Non-Euclidean geometry
From The Art and Popular Culture Encyclopedia
"Gaston Bachelard showed that new theories integrate old theories in new paradigms, changing the sense of concepts (for instance, the concept of mass, used by Newton and Einstein in two different senses). Thus, non-Euclidean geometry did not contradict Euclidean geometry, but integrated it into a larger framework." --Sholem Stein "He said that the geometry of the dream-place he saw was abnormal, non-Euclidean, and loathsomely redolent of spheres and dimensions apart from ours." --"The Call of Cthulhu", H. P. Lovecraft |
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In mathematics, non-Euclidean geometry describes hyperbolic and elliptic geometry, which are contrasted with Euclidean geometry. The essential difference between Euclidean and non-Euclidean geometry is the nature of parallel lines. Euclid's 5th postulate is equivalent to Playfair's Postulate, which states that, within a two-dimensional plane, for any given line l and a point A, which is not on l, there is exactly one line through A that does not intersect l. In hyperbolic geometry, by contrast, there are infinitely many lines through A not intersecting l, while in elliptic geometry, any pair of lines intersect. (See the entries on hyperbolic geometry and elliptic geometry for more information.)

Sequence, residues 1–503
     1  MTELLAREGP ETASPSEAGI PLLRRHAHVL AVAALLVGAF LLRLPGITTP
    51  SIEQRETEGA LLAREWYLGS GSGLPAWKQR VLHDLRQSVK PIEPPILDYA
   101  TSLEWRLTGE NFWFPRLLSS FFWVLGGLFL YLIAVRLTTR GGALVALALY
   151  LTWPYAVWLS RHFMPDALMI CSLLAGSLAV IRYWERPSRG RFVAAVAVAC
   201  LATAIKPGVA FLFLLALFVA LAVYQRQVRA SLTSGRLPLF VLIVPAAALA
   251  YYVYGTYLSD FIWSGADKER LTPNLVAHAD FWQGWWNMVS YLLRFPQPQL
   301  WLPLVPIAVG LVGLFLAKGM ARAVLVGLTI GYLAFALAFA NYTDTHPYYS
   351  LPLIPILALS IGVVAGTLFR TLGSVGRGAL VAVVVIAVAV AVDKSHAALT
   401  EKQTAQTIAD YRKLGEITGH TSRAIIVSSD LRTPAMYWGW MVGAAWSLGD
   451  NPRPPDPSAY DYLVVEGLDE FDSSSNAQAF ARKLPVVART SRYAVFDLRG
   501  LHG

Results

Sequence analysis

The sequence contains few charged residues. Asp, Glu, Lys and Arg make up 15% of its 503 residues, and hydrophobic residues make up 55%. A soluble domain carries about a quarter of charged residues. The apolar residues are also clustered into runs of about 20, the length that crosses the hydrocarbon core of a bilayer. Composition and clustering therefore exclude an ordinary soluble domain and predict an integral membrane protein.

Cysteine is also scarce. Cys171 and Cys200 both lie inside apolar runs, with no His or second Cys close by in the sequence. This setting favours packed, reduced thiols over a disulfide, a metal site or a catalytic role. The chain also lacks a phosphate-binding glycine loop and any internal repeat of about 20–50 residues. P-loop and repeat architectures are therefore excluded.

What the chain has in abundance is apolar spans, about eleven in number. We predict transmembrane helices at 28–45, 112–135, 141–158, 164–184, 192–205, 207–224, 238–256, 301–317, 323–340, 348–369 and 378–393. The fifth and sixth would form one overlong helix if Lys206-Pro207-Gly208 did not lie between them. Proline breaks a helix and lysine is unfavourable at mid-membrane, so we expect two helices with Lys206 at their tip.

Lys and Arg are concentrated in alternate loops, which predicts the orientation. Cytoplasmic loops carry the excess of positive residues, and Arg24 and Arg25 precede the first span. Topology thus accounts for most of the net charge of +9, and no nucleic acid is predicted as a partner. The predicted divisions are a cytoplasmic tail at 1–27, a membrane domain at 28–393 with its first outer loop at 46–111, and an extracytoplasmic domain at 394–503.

Another way to describe the differences between these geometries is as follows: Consider two straight lines indefinitely extended in a two-dimensional plane that are both perpendicular to a third line. In Euclidean geometry the lines remain at a constant distance from each other, and are known as parallels. In hyperbolic geometry they "curve away" from each other, increasing in distance as one moves further from the points of intersection with the common perpendicular; these lines are often called ultraparallels. In elliptic geometry the lines "curve toward" each other and eventually intersect.